• GPHYSICS
    • G06COMPUTING; CALCULATING; COUNTING
    • G06FELECTRIC DIGITAL DATA PROCESSING
    • G06F3/00Input arrangements for transferring data to be processed into a form capable of being handled by the computer; Output arrangements for transferring data from processing unit to output unit, e.g. interface arrangements
    • G06F3/06Digital input from or digital output to record carriers, e.g. RAID, emulated record carriers, networked record carriers
    • G06F3/0601Dedicated interfaces to storage systems
    • G06F3/0668Dedicated interfaces to storage systems adopting a particular infrastructure
    • G06F3/0671In-line storage system
    • G06F3/0683Plurality of storage devices
    • G06F3/0689Disk arrays, e.g. RAID, JBOD

Description

  The present invention relates to a storage management system, and more particularly to a technique for controlling data relocation between storage areas managed by a storage management system.

  The storage management system includes, for example, at least one storage device called a disk array subsystem. This storage apparatus, for example, arranges and configures drives such as hard disk drives and semiconductor memory drives in an array, and provides a storage area based on RAID (Redundant Array of Independent Disks). A host computer (hereinafter referred to as “host”) accesses a logical storage area provided by the storage device and reads / writes data.

  By the way, for example, the amount of data managed by organizations such as corporations, local governments, educational institutions, financial institutions, and public offices is increasing year by year, and storage devices are added or replaced as the amount of data increases. In order to cope with such an increase in the amount of data and the complexity of the system configuration, the data handled by various application programs such as mail management software and database management software are placed at appropriate positions according to the access frequency of the data. However, it has been proposed to improve the utilization efficiency of the storage device (see, for example, Patent Document 1).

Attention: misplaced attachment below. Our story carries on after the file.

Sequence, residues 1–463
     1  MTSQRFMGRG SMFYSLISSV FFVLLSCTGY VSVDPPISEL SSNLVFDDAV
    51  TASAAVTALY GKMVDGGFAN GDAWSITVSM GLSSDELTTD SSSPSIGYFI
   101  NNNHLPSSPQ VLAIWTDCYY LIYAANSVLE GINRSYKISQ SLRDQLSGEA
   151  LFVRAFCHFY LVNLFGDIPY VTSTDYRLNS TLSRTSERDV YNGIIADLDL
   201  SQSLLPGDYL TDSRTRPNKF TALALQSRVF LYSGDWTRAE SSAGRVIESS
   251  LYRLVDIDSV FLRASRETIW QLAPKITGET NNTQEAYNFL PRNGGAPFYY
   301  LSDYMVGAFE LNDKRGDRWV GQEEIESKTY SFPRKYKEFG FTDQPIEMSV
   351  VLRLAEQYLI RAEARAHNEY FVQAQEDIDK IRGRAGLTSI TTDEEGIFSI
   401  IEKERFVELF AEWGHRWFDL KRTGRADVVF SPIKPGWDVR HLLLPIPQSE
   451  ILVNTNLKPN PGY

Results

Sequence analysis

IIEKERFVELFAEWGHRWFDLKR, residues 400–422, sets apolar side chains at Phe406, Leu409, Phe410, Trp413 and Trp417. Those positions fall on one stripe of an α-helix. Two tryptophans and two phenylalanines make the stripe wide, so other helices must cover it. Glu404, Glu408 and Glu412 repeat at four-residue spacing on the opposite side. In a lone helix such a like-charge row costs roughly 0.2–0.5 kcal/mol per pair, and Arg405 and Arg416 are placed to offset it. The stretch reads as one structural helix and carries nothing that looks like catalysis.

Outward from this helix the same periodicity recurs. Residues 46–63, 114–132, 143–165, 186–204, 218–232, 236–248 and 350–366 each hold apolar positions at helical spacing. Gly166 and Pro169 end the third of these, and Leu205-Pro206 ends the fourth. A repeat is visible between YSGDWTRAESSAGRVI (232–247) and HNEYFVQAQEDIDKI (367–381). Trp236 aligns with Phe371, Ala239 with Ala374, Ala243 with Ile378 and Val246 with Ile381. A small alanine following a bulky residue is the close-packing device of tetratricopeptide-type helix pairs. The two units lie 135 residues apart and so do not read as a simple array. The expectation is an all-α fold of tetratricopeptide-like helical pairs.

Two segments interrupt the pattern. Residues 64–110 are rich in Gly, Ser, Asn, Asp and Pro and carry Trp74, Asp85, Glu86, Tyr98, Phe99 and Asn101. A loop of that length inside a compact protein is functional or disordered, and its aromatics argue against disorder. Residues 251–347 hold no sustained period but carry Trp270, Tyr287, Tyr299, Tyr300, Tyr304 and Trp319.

Further, in Patent Document 2, all the disk devices in the system are classified in advance from the viewpoint of performance, and the performance ranking between the respective classes is defined, and then in a storage area where the disk device usage rate is high. Methods have been proposed for improving performance by relocating data to higher performance classes. If no unused area is found in the high-performance class selected as the relocation destination, relocation of data from the high-performance class to the low-performance class is performed. A data rearrangement control technique for securing an unused area sufficient for rearrangement by performing prior to this is disclosed.
JP 2001-67187 A (paragraphs 0031 to 0035, FIGS. 4, 5, and 6) JP 2003-140836 A (paragraphs 0046 to 0052, FIGS. 3 and 4)

Each of the above-mentioned patent documents discloses a technique for copying data stored in one volume to another volume and rearranging the data based on disk performance information and usage information.
However, in the technique described in Patent Document 1, it is necessary to rearrange data individually for each volume unit, and the volume cannot be moved between classes freely defined by the user, which is inconvenient. Further, in the technique described in Patent Document 2, when there is not enough free space remaining in the class selected as the relocation destination, the disk device usage rate is low among the areas classified in the class. Is unconditionally relocated to a lower performance class (hereinafter, not only relocation to a lower performance class, but also relocation for securing free space necessary for relocation The free space is secured by “evicting”. The method of selecting the eviction target and the eviction destination class cannot be specified by the data user, so the class selected as the eviction destination of the data selected as the eviction target uses the data. There is a possibility that it will not match the data location that the user initially assumed.